Tuesday, July 25, 2017

Data gaps and social murder

Today in Question Time we saw a perfect example of how government dodges accountability: by deliberate ignorance. Asked how many beneficiaries were homeless, the Minister for Social Development made it clear that she didn't know, and asked that it be set down as a written question. Not that that would likely result in any answers, because it is highly unlikely that WINZ collects this data (and in fact, the requirement for a contact address in order to receive a benefit means that they can simply pretend that all beneficiaries have homes - and violently cut off anyone who contradicts the official story).

It gets worse. Because the next question was how many beneficiaries have committed suicide in the past ten years. On this, the Minister was clear that WINZ had never collected such data. Which seems to be one hell of a gap. Because surely if beneficiaries are killing themselves, that's the sort of thing we should know, and which should result in questions being asked about whether WINZ's policy of cruelty towards the poor is a contributing factor. But those are not questions the government or WINZ wants asked, so the data is never collected. And laws against reporting on suicides prevent advocacy groups from collecting it themselves (in the style of the UK's Calum's list).

The UK is a useful example. Because over there, statistics were collected. When eventually made public (DWP naturally tried to keep them secret), they revealed that the government knew that their policies were killing people. But they kept imposing them anyway, because the British establishment has a depraved indifference towards the lives of everyone outside their public schoolboy clique.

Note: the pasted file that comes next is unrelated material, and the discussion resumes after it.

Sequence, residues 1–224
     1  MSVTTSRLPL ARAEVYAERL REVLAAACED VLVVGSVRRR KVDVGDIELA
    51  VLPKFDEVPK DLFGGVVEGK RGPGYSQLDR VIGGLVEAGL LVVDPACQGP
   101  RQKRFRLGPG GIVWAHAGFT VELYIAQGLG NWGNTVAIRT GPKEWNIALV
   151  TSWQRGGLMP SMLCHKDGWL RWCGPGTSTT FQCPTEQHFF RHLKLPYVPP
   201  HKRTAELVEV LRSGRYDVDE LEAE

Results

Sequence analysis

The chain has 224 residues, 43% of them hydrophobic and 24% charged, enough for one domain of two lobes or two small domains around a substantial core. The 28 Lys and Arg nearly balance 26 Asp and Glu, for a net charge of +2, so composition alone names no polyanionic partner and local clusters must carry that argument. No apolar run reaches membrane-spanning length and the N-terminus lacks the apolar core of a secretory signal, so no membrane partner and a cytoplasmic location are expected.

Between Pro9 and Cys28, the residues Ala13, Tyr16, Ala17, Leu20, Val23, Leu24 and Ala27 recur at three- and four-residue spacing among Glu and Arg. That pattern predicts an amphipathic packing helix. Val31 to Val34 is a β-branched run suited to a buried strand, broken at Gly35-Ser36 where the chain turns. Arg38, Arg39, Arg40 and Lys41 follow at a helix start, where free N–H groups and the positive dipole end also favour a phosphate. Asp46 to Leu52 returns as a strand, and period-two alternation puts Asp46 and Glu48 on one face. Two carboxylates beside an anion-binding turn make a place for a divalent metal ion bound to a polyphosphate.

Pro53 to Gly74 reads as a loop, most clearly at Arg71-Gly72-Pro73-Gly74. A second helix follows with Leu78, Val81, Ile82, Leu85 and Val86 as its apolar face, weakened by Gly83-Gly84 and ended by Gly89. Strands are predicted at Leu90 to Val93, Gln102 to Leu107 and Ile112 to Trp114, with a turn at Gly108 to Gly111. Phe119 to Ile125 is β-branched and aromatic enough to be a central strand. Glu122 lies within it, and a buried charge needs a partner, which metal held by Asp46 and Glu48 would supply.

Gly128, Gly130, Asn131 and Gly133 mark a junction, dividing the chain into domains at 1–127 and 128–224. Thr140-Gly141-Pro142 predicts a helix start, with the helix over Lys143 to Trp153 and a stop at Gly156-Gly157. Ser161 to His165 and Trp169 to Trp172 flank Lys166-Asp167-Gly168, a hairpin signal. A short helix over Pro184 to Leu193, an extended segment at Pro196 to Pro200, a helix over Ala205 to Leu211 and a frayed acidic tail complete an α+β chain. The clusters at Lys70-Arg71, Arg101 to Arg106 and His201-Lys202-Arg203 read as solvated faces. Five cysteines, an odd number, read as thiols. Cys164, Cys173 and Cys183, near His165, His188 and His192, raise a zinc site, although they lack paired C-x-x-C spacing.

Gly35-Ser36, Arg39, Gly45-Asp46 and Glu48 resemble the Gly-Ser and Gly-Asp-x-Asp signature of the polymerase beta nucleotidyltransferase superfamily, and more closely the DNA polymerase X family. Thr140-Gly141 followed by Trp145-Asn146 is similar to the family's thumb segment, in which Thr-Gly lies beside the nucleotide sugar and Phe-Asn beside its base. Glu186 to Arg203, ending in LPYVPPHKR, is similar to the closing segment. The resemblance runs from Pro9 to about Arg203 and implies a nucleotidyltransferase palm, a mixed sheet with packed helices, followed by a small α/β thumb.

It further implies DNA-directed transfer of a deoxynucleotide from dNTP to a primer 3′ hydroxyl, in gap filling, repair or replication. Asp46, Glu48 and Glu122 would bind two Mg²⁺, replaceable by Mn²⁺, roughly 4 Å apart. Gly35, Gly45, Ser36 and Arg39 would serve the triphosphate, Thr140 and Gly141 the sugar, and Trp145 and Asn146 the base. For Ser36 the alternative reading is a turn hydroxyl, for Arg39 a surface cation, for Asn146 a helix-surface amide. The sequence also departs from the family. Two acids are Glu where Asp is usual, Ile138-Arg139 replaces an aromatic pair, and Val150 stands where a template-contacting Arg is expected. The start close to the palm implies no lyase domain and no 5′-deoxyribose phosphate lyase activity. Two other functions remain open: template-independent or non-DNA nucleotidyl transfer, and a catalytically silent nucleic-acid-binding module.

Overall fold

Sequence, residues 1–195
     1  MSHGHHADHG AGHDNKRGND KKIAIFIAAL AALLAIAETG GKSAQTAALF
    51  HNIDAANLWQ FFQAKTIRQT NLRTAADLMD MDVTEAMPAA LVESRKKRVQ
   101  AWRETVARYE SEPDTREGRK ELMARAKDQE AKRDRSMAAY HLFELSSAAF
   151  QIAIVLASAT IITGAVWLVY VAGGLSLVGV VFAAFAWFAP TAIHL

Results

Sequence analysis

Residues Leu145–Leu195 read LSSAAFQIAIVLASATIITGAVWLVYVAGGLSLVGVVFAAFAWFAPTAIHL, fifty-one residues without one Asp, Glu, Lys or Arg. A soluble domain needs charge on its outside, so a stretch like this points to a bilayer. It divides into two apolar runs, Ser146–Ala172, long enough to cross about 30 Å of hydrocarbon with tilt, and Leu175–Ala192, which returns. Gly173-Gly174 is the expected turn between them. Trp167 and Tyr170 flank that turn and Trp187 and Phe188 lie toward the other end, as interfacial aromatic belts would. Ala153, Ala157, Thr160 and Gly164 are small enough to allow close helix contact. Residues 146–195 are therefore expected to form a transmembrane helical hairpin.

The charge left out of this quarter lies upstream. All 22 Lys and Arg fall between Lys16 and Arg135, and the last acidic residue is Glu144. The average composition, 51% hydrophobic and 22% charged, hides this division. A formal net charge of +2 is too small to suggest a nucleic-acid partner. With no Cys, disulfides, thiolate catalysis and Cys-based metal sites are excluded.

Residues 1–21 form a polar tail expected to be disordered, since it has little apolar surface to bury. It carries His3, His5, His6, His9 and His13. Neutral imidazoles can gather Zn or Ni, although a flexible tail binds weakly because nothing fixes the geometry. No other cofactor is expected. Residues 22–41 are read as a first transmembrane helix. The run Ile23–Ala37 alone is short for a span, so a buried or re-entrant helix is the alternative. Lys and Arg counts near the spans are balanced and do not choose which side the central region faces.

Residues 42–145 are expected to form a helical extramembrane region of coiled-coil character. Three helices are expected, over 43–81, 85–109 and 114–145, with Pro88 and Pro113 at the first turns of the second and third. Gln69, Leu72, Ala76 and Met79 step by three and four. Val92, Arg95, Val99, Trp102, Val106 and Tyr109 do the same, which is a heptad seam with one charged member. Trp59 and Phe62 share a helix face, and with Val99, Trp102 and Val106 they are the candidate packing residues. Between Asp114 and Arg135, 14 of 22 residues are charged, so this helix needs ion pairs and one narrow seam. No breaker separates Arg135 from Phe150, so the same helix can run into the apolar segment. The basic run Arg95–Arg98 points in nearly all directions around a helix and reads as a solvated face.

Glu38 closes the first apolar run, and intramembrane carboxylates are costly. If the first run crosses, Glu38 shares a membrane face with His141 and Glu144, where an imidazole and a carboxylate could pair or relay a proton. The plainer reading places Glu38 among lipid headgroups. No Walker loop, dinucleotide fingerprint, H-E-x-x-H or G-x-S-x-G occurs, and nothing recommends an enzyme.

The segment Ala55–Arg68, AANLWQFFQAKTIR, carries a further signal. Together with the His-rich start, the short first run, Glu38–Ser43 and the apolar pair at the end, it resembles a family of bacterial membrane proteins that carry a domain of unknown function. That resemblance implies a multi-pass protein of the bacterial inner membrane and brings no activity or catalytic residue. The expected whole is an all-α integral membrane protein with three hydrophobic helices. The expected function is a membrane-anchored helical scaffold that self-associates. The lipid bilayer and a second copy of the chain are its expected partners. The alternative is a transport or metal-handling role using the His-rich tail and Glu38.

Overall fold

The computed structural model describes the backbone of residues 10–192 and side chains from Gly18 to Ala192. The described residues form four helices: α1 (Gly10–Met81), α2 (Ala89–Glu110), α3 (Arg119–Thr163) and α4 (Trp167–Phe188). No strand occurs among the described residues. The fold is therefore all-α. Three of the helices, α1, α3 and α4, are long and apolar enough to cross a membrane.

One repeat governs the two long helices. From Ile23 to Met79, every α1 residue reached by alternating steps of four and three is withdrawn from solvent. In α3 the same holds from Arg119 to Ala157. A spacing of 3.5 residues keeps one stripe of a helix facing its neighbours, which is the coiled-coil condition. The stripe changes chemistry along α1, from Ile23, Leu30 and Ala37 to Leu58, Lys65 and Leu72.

We know that WINZ has killed at least once. The question is how many other times they have driven people to suicide, and what their policy of cruelty costs us in unnecessary mental health problems. We need to know these things, so we can properly judge these policies. The government's refusal to collect this data is simply an attempt to dodge accountability.

As for how we should hole them accountable: if a policy is expected to result in death, and death occurs, that is nothing less than murder. And those who design, implement and approve that policy are all co-conspirators who should go to jail for it.

Update: WINZ doesn't track suicides, but Ministry of Health has some data, which Graeme Edgeler was able to OIA in less than 24 hours:

This is from the mortality database, recording occupations entered on death certificates for deaths by suicide. That won't necessarily map to being in receipt of a WINZ benefit, but its a start.